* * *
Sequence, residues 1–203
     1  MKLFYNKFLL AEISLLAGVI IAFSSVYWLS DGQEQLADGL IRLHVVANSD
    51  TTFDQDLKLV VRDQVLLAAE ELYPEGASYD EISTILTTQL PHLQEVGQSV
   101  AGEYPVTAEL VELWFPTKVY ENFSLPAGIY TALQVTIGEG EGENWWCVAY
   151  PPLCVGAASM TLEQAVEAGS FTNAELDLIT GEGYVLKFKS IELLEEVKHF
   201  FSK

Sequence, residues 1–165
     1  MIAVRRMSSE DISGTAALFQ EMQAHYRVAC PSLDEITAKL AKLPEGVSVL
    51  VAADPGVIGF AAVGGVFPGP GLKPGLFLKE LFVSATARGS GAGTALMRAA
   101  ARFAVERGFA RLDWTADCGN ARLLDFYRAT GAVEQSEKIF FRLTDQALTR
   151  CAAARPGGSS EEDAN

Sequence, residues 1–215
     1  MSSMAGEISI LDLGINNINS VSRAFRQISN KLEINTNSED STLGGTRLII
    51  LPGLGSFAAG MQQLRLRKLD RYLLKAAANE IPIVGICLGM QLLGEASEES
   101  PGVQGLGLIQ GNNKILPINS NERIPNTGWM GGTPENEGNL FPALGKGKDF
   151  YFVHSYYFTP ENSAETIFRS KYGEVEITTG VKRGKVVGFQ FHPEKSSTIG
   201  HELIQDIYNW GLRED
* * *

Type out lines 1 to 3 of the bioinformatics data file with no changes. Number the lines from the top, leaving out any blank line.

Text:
Sequence, residues 1–203
     1  MKLFYNKFLL AEISLLAGVI IAFSSVYWLS DGQEQLADGL IRLHVVANSD
    51  TTFDQDLKLV VRDQVLLAAE ELYPEGASYD EISTILTTQL PHLQEVGQSV